Three Dutch boys of Maghrebi origin travel by car from the Low Countries to Morocco in "Rabat," a road movie that gently moves from cliches to more nuanced characterization.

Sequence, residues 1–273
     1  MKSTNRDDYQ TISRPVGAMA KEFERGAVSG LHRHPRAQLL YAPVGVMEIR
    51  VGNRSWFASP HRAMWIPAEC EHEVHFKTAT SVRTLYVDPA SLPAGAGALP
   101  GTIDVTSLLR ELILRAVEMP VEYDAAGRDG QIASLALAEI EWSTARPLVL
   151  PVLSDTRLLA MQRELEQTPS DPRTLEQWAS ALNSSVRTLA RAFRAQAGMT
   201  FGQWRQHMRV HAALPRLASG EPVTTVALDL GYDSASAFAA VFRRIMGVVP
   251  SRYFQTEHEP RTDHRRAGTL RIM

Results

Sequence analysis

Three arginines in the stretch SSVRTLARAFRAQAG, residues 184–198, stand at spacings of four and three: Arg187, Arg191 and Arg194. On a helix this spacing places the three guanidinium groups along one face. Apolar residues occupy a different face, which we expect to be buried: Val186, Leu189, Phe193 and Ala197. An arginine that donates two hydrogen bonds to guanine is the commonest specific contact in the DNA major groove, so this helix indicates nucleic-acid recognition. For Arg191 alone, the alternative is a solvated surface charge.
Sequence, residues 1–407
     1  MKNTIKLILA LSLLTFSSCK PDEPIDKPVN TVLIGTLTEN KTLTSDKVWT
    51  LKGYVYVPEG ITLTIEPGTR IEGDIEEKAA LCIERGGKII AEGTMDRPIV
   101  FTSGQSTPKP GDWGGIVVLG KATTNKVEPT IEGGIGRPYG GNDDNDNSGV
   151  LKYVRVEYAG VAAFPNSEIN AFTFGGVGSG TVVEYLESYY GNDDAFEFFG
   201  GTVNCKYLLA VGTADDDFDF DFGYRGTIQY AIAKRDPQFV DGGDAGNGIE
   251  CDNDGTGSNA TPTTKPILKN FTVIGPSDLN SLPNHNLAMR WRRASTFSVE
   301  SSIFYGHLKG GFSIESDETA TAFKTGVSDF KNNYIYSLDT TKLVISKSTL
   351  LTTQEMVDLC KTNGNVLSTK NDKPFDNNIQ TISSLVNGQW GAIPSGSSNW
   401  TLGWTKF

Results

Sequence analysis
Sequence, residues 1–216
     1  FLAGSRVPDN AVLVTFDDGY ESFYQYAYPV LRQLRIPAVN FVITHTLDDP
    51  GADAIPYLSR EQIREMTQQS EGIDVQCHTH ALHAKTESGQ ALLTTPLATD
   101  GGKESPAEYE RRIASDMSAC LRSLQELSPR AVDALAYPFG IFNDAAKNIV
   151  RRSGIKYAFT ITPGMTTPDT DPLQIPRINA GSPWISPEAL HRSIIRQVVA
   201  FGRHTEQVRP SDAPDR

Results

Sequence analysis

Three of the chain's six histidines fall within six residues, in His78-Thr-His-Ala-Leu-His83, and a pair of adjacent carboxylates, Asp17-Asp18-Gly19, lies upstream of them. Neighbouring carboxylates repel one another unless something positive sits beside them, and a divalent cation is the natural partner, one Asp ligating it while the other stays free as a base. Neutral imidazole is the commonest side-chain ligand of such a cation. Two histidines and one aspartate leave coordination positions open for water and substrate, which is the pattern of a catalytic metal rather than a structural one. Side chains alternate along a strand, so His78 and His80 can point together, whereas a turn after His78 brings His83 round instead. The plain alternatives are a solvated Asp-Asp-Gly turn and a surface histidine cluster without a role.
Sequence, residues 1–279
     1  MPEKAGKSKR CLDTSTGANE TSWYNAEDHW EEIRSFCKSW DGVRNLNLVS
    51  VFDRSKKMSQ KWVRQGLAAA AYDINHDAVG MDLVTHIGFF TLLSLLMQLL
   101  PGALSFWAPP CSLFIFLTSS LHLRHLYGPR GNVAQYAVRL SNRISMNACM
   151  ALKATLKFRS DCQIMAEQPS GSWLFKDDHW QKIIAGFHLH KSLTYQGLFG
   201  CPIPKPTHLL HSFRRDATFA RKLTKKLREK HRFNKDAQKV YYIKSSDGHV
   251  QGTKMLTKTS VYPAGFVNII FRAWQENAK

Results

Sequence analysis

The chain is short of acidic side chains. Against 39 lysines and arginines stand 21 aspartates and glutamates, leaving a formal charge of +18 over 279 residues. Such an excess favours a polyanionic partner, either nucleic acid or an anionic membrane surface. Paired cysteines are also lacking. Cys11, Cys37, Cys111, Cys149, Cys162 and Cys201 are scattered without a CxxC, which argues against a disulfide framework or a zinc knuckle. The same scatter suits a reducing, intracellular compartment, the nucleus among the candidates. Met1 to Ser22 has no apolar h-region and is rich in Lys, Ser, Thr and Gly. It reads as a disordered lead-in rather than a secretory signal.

Three Dutch boys of Maghrebi origin travel by car from the Low Countries to Morocco in “Rabat,” a road movie that gently moves from cliches to more nuanced characterization. Feature debut by Dutch musicvid helmers Jim Taihuttu and Victor Ponten starts off conventionally but slowly finds its footing, with the film’s tone finally moving between gentle comedy and more serious material. Modest independent production is well acted and looks fine, and was an unexpected local crowdpleaser, bagging a picture nomination at the Netherlands’ national film awards, as well as an actor win for charismatic lead Nasrdin Dchar.Opening at a Muslim wedding in Amsterdam, the pic quickly sketches the friendship of buddies Abdel (Achmed Akkabi), from Tunisia; soccer fanatic Zakaria (Marwan Kenzari), of Moroccan origin; and the slightly older Nadir (Dchar), who is driving his father’s 15-year-old taxi to the titular city in Morocco. All three were born or spent most of their lives in the Netherlands, though each one clearly grew up between two cultures. At the crack of dawn the next day, Nadir gets ready for the 1,900-mile drive across Europe and finds that his friends have decided to join him, immediately complicating what should have been a simple delivery job. It’s clear from the start Nadir hasn’t been entirely honest with his mates about the real reasons for this long journey. Their trip is initially episodic; each country they pass through is conveniently captioned onscreen, and each stop introduces a new character or situation that is then quickly disposed of. In Gaul, a sweet old lady mistakes them for actual taxi drivers, leading to a cute but prolonged scene in which they drive her home. Not much later, the three pick up an equally sweet, though much younger and sexier, passenger (Stephane Caillard) who’s headed for Barcelona. It’s in the Spanish section that “Rabat” really finds it footing, toying with auds’ expectations as the Muslim boys encounter a few gay men, and some physical violence is thrown into the mix. Rather than conforming to facile stereotypes or settling for an equally facile can’t-we-just-all-get-along vibe, the pic chooses a wonderfully observant stance that finally reveals its protagonists as flawed but very real individuals. Helmers Taihuttu (himself partly of Maluku extraction) and Ponten also wrote the screenplay, and they avoid easy generalizations about immigrant kids, perfectly setting up the film’s bittersweet final stretch. Shot in sequence, the film quickly gains in poignancy as the titular destination comes into view, a hilarious detour involving a crazy Moroccan who runs a junkyard notwithstanding. In keeping with generally sober, no-frills approach and tone, tech package and acting keep things natural. Charismatic and pensive Dchar (“Tirza,” “Lotus”) is indeed the standout, though at least in part because he has the meatiest role. Bit parts are all perfectly cast. Pic was shot without Dutch Film Fund or TV money, with the directors’ own production company Habbekrats (a slang word that means “Next to Nothing”) putting up a good part of the budget, reportedly just over $400,000.